Tuesday , June 17, 2014 - 1:01 PM
CLEARFIELD — When 14-year-old Steven Smith turned up missing, the call wasn’t simply about a teenager who ran away, but a boy with an autism disorder who just disappeared.
Marie Smith, his mother, said that day almost two months ago at This Is The Place State Park taught her family they need to be extra vigilant when they go on outings as well as how kind strangers can be during a crisis. Her husband and eight of her children decided to pick her up from work to go on a picnic. Two of her children use wheelchairs, and while she and her husband were tending to them, Steven wandered off, something he had not done since he was 6 years old.
Steven functions on the level of a 6- or 7-year old, said Smith, of Clearfield. Like many other children with an autism disorder, wandering away is just one of the conditions. He was missing for 15 hours and slept outside cuddled next to a fence by a house in the Avenues in Salt Lake City, five miles from where he disappeared.
Steven responds to his name, but does not verbalize well, Smith said.
According to a study funded by Autism Speaks, children with autism spectrum disorders are more likely to wander off, putting themselves in danger and putting stress on their families. Researchers found it was not because of inattentive parenting, but because the children tend to wander more than other children in their age group.
Layton Police Lt. Shawn Horton said officers always respond quickly when dispatchers receive a 911 call about a missing child.
In every case of a missing child, officers will first identify the hazards in the area, like water; plus search the area, whether it is a home or a park, multiple times.
“Children hide in odd places,” Horton said.
They then will determine how long a child has been gone, start contacting friends and family in the area, and implement the reverse 911 system.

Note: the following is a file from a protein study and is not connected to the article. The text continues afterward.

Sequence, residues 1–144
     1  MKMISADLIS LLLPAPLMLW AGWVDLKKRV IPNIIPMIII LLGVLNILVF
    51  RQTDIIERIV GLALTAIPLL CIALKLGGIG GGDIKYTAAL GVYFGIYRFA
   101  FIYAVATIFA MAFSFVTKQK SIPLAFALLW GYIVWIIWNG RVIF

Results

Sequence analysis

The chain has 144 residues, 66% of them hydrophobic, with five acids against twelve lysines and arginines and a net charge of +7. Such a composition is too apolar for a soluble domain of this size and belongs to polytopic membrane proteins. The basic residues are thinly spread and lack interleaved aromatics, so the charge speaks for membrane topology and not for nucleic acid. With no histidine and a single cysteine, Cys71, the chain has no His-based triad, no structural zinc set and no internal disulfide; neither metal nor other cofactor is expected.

When a child with special needs, like Steven, disappears, police need more information, Horton said.
Some parents attach a tracking device to the child, which makes it easier and faster for officers to find the child. Officers also need to know how the child will react when their name is called. They want to know if the child has a favorite place to go when they are facing stress, or if the child has a favorite song or toy that they will respond to if they hear or see it, Horton said.
Horton said parents help by telling officers the best way they can talk to the child when they approach them.
Layton offers “Smart911.” It is the only city in Utah that offers the service. Residents have to sign up through www.smart911.com and set up a profile. The more information added to the profile, the more information officers have about the lost child when a parent calls 911.
Smith said children like her son may appear physically normal to an outsider, but once someone starts talking to them it is evident they have a disability.
That is why it is important when a child is missing for the word to get out quickly, Smith said.
“The more eyes looking can help find them quicker,” Smith said.
For more information on how to prevent wandering of children with disorders go to www.autismspeaks.org/wandering-resources.
Contact reporter Loretta Park at 801-625-4252 or firstname.lastname@example.org. Follow her on Twitter at @LorettaParkSE. Like her on Facebook athttp://www.facebook.com/SELorettaPark.
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